IT Risk Assurance Consultant, EY
My Degree subject: MA Cognitive Science (Humanities), 2015
My current job
IT Risk Assurance Consultant – this entails completing external audits of IT systems in the financial sector to help our financial audit colleagues, as well as doing consultant work regarding IT Risk and Cybersecurity.
My career history:
After graduating in 2015 I joined EY’s consultancy graduate programme in IT Risk and Assurance. Since then, I’ve been working for EY in their financial services area on IT audits and cybersecurity projects. I’m in my second year of the graduate scheme at the moment, looking to leave the graduate scheme and become a senior consultant at the end of the year.
How I use my degree skills and/or knowledge in my career
The easy answer is I use the knowledge from my informatics modules, which have greatly helped understand some of the more technical aspects of my work, especially when testing infrastructure and inspecting scripts. However, I find the communication and explanation skills gained during philosophy and linguistics to be even more pervasively used in my work. I’m in a client-facing role, so being able to clearly explain and communicate issues and requests to our clients is incredibly important. In Cognitive Science, we frequently have to put highly technical topics, such as artificial intelligence and neural networks, into more simplistic terms in order to write essays about them in philosophical fashion. This has made technical report writing for my managers much easier, and has proved valuable in my work.
My relevant experience:
Everything! I firmly believe that every experience gives you something you can discuss or use as an example for future behaviour. In particular, a natural curiosity about the world and eagerness to learn new things are the best things to take into the workforce. Employers don’t want a legion of robots at their disposal, they want to hear fresh ideas and have people they can rely on with new and interesting backgrounds and diverse experiences. Work and volunteer experience may help with the transition to a working culture, but the knowledge gained during your degree, the skills used to write essays and solve problems, and your interests outside of academics and work are equally valuable. Not to mention, good interests make discussing your weekends with colleagues all the more interesting!
My career decisions:
My story is probably slightly different from many of yours, being an international student. I wanted to stay in the country to work after graduation, since I had moved my life to Edinburgh (and let’s face it, who would want to leave Edinburgh?). I was limited to jobs that paid the minimum sponsorship salary and were on the Tier 2 sponsorship list, which created its own hardships when job hunting. Because of this, I went to a number of career events with businesses, joined a number of mailing lists, and kept my CV up-to-date throughout my fourth year. My biggest decision was really just to apply to as many jobs that seemed interesting as I could, paying closest attention to the ones I really liked, but keeping others in as practice. This strategy doesn’t work for everyone, but it did for me and I noticed I got more successful as time went on. As an immigrant, I didn’t really have the luxury of being able to wait to consider options, having to start applying early in my fourth year in order to stay.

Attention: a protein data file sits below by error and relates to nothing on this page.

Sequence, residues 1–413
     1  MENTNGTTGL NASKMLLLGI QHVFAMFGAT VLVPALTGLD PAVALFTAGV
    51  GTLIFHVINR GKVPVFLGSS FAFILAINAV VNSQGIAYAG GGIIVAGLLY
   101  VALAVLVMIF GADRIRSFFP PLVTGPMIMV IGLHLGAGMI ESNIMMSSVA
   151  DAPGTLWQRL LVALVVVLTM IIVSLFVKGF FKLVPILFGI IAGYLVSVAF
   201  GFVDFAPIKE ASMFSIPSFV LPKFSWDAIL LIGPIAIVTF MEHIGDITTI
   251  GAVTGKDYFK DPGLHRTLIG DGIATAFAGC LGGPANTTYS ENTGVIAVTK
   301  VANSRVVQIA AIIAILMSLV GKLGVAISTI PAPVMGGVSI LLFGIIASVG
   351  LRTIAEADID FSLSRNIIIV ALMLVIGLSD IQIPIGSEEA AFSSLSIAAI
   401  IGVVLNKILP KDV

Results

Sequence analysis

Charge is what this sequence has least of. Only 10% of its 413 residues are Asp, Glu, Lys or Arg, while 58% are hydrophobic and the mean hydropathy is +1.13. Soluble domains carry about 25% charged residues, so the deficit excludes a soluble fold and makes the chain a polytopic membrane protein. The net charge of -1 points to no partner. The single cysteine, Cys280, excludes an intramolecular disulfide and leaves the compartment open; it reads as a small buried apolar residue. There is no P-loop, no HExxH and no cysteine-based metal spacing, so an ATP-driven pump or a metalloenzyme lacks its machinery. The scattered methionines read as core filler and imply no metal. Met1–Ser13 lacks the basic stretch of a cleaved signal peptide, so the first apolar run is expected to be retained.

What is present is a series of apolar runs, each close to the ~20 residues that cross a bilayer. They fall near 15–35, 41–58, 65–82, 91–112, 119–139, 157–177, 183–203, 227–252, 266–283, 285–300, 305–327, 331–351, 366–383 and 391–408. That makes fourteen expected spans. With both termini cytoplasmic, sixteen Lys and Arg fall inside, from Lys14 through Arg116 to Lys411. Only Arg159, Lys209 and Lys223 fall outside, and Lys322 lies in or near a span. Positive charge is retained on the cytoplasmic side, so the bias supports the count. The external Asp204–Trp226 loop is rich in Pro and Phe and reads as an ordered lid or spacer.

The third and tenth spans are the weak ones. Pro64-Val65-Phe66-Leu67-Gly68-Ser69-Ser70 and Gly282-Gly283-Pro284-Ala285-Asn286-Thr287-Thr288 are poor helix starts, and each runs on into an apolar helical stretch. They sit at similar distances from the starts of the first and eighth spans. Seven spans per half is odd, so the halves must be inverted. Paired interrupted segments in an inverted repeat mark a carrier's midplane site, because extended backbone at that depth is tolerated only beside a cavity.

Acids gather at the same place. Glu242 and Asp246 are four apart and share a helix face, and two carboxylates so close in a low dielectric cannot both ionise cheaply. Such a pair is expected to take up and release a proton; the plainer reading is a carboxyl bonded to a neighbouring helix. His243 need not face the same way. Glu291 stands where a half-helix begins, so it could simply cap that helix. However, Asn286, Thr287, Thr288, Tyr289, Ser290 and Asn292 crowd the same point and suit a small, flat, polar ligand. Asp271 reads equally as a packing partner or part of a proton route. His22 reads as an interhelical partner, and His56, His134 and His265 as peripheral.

My advice to current students interested in my area of work
Don’t be turned off by the technical name! You can do IT Risk without a technical background, and the majority of my colleagues are from humanities subjects. With regards to consulting as a whole, employers are generally looking for people who are willing to put the work in to learn the field, rather than those that are already experts. Show your enthusiasm and curiosity more than any technical skill.
My advice on making career decisions?
Use each experience to your advantage. I turned my extensive theatrical resume into a consulting job by finding the shared experiences between the two. Every experience gives you something to take into the next.